Last Saturday, Whitney Houston’s funeral was held in the same Newark church where she sang in the choir as a child, and Governor Chris Christie of New Jersey ordered the flags lowered to half-staff. Critics deluged him with mail and tweets’ saying it was wrong to honor a drug addict; that it set a bad example for youth saying you can be an abuser and still be idolized.
I applaud the governor’s decision, and I am saddened by her early loss. This astoundingly talented woman could not stop killing herself; she never believed she could live happily without the substances she abused. As hard as she tried she could not escape the seduction of drugs as answers to whatever she faced. I lament that she gave up her freedom; if we are to be successful in life it’s because we took responsibility for finding the right solutions to our problems.
Whitney Houston is not the first idol to have died from chemical addictions; the seduction of drugs and alcohol took Billie Holiday, Elvis Presley, Jimmy Hendricks, and Janis Joplin (among many others). They all died from their addictions, but it doesn’t diminish the brilliance of their contributions, nor does it minimize what they leave behind.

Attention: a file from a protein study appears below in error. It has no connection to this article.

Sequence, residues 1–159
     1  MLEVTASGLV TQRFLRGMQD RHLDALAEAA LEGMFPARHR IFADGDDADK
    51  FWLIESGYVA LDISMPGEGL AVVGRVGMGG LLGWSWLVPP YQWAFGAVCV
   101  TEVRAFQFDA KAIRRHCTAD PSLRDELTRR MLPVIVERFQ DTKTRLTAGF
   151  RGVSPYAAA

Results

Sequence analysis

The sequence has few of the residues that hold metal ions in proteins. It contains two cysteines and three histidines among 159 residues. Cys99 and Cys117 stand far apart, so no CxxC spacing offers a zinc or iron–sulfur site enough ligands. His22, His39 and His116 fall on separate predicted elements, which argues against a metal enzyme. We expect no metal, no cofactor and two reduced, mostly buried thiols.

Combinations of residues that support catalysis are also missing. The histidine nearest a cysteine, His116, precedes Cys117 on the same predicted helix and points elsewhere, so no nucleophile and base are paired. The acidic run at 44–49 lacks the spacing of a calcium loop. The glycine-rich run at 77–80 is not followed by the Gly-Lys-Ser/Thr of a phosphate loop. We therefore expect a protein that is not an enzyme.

On the day they buried her in New Jersey, I sat back and listened to her sing Amazing Grace, she belted out the tune and it brought tears to my eyes.
Reminded me not only of her wonder, but her message; we don’t have to be blind before we can see, and we don’t have to die to have our fears relieved.
A flag at half-staff for Whitney was a wonderful tribute; I would have liked a bagpiper…Thank you Whitney, you were an Amazing Grace.